Johns Hopkins says that the U.S. recorded a stunning 1 million new COVID-19 cases on Monday as the omicron variant fuels previously unseen levels of transmission throughout the country.
The 1 million cases recorded on Monday shatters the previous daily case record of 590,000, which Johns Hopkins says was set on Thursday. Before the arrival of the highly contagious omicron variant, the record for the number of daily cases in the U.S. was just under 300,000, which the Centers for Disease Control and Prevention (CDC) says occurred on Jan. 8, 2021.
The number of those infected with COVID-19 is likely higher, as not every person infected seeks out a test and not all home tests are recorded.
The surge in new cases has caused a significant disruption in the U.S. workforce, as hundreds of thousands of people stay home to isolate themselves as they deal with infections. The CDC recently slashed the recommended isolation time from 10 days to five days in the hopes of returning more people to the workforce.
Top U.S. health experts like Dr. Anthony Fauci say that as of last week, all signs point to omicron causing a less severe COVID-19 infection. And while the variant has shown to be more able to evade vaccines, the shots still provide significant protection against severe infection and death.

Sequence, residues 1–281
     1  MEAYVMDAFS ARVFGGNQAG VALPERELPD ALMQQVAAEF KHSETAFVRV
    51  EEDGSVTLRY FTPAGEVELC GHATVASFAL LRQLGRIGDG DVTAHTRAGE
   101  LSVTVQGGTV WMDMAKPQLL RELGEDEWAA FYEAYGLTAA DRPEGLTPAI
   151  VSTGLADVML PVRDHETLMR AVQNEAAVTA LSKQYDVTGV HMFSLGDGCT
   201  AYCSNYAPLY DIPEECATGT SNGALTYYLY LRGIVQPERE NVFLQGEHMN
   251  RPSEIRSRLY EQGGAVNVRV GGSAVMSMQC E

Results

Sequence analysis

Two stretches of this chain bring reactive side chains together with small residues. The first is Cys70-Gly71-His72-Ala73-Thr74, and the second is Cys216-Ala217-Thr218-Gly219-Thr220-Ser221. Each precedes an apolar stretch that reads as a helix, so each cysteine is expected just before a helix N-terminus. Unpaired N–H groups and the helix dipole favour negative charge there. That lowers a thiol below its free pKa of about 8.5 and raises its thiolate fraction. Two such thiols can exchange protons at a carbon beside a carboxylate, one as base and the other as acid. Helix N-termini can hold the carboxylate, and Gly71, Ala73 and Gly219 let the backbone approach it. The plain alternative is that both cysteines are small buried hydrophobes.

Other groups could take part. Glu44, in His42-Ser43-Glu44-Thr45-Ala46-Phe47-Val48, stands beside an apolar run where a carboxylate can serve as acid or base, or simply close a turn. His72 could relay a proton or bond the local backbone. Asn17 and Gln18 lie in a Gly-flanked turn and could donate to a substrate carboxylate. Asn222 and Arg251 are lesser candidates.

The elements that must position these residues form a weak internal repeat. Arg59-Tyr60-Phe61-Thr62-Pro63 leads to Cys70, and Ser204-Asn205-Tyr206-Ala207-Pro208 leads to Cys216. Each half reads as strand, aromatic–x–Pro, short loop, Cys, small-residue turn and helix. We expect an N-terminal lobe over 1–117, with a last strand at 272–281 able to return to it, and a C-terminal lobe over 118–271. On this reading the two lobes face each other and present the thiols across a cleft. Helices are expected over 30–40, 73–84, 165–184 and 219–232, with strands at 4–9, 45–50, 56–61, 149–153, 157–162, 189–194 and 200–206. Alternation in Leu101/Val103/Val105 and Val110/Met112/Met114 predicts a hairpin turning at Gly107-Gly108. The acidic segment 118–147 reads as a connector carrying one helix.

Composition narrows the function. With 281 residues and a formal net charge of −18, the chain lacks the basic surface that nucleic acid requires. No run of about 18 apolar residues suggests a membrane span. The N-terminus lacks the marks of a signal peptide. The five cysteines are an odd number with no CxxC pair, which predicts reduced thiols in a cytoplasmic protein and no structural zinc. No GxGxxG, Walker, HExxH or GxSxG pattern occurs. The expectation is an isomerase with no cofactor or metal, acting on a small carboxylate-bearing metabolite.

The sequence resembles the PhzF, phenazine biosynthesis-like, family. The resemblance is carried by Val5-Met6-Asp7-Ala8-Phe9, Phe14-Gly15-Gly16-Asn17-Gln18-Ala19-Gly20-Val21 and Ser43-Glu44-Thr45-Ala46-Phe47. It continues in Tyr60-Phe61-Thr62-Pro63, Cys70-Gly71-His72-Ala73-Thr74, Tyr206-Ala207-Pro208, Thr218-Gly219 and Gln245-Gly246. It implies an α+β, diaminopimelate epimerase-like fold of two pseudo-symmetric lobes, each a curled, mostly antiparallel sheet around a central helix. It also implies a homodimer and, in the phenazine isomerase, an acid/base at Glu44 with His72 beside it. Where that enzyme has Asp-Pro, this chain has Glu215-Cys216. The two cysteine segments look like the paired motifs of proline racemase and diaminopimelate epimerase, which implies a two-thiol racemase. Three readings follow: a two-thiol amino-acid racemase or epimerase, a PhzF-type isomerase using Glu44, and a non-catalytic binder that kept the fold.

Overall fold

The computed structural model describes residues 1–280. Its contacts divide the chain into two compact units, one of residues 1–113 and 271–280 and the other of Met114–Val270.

However, Fauci warned that omicron should "not be taken lightly," as its highly contagious nature could result in case rates that overwhelm health systems in certain parts of the country — particularly in areas with low rates of vaccination.
Indeed, the CDC reports that the U.S. is beginning to see an increase in hospitalizations linked to the surge in omicron. New hospitalizations have increased 45% in the past seven days, though the good news is that they have not yet reached the high levels seen last winter despite the record number of infections.
The CDC reports that deaths have remained relatively stagnant in the past week and have even dropped slightly. However, increases in the death rate typically lag a few weeks behind increases in new cases and hospitalizations.